Study group

The study group comprised a total of 145 Turkish individuals, including 70 subjects with CAS (36 symptomatic, 34 asymptomatic) and 75 healthy controls. IL-18 and IL-18-BP expression and rs187238 variants were analyzed in patients diagnosed with CAS and in healthy individuals. Patients diagnosed with CAS and controls were selected from the İstanbul University, Cerrahpaşa School of Medicine, Department of Cardiovascular Surgery. This research was performed in agreement with the principles of the Declaration of Helsinki and was confirmed by İstanbul University, Cerrahpaşa School of Medicine local ethics committee, 6 November 2012, No: 33275. Written informed permission was collected from all subjects prior to the commencement of the study. Patients with ≥70% atherosclerotic stenosis of carotid arteries as detected by color Doppler ultrasonography, computed tomography-angiography, magnetic resonance angiography, and digital subtraction angiography were included. All subjects with CAS (age range: 46-83 years), including 36 symptomatic and 34 asymptomatic, underwent carotid endarterectomy surgery in our department. According to the classification, patients with ≥70% stenosis of the ICA and cerebrovascular episodes of stroke, transient ischemic attack, or amaurosis fugax prior to carotid artery examination were selected as symptomatic. Asymptomatic patients were those with ICA stenosis of ≥70% but without clinical symptoms of CAS. All subjects in the patient group were taking a statin treatment.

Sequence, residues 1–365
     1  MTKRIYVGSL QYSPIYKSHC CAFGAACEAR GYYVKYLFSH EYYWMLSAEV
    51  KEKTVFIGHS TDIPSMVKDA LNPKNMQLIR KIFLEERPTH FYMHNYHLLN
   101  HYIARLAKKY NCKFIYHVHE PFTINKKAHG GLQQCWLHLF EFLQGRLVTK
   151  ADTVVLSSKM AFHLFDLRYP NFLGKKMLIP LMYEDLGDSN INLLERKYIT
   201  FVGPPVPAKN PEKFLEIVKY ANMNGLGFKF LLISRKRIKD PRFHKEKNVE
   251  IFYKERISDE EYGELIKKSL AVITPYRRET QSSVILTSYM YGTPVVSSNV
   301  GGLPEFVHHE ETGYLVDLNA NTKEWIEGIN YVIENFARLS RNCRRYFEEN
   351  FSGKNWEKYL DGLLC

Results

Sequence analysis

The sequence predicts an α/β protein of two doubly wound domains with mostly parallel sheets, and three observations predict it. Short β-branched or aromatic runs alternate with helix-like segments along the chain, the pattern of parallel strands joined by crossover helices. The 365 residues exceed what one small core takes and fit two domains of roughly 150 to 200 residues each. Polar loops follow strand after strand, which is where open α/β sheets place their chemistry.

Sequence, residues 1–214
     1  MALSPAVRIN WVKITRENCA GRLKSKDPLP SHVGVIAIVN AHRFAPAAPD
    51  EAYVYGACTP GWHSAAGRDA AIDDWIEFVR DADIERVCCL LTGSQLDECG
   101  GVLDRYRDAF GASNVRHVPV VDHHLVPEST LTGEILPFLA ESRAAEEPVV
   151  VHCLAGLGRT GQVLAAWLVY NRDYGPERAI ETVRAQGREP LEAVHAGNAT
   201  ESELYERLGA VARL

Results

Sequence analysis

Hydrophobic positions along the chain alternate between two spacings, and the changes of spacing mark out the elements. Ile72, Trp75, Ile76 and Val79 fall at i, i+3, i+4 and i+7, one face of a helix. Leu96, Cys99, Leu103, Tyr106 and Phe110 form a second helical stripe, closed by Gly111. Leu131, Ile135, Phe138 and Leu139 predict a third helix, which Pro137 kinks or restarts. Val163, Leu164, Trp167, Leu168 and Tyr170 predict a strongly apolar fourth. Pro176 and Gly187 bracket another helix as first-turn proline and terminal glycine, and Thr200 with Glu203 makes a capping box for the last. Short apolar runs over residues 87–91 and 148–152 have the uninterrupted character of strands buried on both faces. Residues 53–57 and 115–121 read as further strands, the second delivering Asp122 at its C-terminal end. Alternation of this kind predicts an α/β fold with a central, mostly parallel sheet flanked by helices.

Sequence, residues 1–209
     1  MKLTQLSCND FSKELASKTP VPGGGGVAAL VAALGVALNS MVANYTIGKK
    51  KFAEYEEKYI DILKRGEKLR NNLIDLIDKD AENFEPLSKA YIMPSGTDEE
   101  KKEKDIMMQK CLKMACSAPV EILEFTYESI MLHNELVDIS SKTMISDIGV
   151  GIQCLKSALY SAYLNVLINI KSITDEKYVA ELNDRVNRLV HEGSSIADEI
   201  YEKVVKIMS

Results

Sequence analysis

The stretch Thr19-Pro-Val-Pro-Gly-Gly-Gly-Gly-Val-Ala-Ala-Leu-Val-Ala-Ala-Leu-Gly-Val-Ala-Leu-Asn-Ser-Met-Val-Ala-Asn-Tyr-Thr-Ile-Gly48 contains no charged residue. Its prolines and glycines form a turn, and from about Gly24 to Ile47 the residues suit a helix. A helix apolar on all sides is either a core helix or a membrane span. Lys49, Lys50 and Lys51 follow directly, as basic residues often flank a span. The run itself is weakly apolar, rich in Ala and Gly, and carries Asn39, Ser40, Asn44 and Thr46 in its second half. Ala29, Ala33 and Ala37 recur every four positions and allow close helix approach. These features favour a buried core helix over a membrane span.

A total of 75 healthy individuals (age range: 44-85 years) who visited the hospital for usual health screenings were selected as controls. Inclusion criteria for the control group were a normal lipid profile and lack of statin use. Exclusion criteria were any inflammatory disease, CVD, diabetes, hypertension, severe kidney and hepatic diseases, autoimmune disease, cancer, and pregnancy.